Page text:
Shure is one of the most widely respected names in audio, producing consistently high-quality gear without resorting to gimmicky tactics like pastel colorways or artificially boosted bass.
On September 18, 2017, Shure announced three additions to its already-robust lineup: Two pairs of Bluetooth earphones — the Wireless SE112 and the Wireless SE215 — and a Bluetooth Remote and Mic Accessory Cable that can turn select wired Shure earphones into Bluetooth-ready wireless buds.
Shure has always been known for its crystal-clear sound signature but hasn’t always featured the most up-to-date, future-proof products. That all changes as the SE Sound Isolating Earphones go wireless. At $99 and $149 respectively, the SE112 and SE215 each offer 8 hours of battery life with active cancellation that blocks up to 37dB of outside noise. Plus, with 30 feet of Bluetooth range, you can leave your phone in a safe spot and enjoy your favorite tunes without worry.
Both pairs of earphones also come with USB charging cables, carry pouches, and fit kits to ensure the efficacy of Shure’s sound isolation technology. There are not many differences between the SE112 and the SE215; the SE215 offers a deeper, richer soundstage with slightly improved bass response, and (perhaps most importantly) the SE215 are also equipped with Shure’s new detachable Bluetooth Remote and Mic Accessory Cable, which you can purchase a la carte for $99.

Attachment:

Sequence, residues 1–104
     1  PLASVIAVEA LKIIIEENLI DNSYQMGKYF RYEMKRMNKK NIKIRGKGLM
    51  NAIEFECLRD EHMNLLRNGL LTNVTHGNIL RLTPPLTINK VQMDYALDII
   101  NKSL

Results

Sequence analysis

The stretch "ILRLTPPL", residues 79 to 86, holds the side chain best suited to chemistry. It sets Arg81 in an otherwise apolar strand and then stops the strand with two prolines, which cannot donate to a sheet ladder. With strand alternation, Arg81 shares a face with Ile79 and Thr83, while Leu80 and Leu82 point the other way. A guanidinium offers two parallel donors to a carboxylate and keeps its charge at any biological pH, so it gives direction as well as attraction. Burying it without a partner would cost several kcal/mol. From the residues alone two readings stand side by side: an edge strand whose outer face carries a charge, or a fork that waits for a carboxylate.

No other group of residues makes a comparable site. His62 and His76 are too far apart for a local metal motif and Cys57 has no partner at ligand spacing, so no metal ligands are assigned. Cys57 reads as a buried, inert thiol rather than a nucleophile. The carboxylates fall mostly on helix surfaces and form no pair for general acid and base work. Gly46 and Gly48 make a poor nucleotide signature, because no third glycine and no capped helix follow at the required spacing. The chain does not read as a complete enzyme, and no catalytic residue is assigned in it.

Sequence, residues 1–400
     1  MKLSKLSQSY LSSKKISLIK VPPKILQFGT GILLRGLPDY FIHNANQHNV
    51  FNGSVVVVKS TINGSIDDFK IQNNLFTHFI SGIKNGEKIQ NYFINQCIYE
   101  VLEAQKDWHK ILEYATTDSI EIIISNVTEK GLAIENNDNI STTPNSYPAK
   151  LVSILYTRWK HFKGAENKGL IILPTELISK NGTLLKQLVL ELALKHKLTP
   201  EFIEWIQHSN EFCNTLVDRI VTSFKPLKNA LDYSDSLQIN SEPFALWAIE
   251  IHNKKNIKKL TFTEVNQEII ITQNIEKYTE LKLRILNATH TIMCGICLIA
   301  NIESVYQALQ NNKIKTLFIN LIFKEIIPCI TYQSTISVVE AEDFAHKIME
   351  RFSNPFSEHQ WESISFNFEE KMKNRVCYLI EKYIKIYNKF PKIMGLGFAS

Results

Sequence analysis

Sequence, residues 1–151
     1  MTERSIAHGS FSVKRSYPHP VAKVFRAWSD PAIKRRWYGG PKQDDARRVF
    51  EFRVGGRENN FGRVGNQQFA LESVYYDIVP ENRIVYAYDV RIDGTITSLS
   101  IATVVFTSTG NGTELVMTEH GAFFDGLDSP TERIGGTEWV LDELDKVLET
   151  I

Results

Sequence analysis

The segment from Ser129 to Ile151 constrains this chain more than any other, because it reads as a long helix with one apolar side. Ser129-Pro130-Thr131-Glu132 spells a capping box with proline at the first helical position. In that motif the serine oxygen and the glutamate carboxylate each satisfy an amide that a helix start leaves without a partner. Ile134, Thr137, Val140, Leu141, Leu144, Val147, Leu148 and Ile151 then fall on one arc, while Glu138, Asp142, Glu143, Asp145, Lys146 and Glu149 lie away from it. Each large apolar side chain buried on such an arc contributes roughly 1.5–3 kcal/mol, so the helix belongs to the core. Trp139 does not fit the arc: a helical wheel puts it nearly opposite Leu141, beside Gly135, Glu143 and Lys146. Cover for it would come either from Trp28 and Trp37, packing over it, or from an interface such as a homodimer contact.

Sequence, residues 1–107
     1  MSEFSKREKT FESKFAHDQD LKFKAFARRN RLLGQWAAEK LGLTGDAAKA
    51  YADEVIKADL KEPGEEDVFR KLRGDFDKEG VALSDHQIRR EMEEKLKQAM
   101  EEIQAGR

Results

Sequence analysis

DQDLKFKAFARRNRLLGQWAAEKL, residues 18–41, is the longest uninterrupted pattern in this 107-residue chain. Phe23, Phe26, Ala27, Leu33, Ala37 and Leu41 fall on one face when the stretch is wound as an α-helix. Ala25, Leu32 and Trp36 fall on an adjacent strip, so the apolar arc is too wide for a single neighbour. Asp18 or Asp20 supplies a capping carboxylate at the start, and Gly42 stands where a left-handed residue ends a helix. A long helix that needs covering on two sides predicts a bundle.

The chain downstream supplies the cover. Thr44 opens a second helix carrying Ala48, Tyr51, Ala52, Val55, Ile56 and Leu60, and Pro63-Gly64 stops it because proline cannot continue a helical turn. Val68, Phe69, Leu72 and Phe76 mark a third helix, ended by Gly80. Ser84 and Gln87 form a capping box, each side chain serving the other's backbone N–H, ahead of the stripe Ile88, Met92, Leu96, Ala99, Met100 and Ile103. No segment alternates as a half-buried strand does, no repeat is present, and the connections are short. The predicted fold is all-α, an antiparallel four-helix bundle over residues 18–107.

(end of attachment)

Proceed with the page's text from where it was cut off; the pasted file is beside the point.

The cable is compatible with Shure’s SE215, SE315, SE425, SE535, and SE846 earphone models. It has a three-button inline remote and built-in microphone, with a rechargeable lithium polymer battery that lasts for eight hours on a single charge. It can be swapped out with Shure’s wired Remote and Mic Accessory Cable, which retails for $29.
All three products are available via several online retailers. Both the SE112 and the Accessory Cable are available in black only, while the SE215 come in clear, translucent black, translucent blue, and white. We haven’t yet had a chance to get our hands on any of Shure’s new additions, but we did love the wired version of the SE112 when we reviewed them in 2014.
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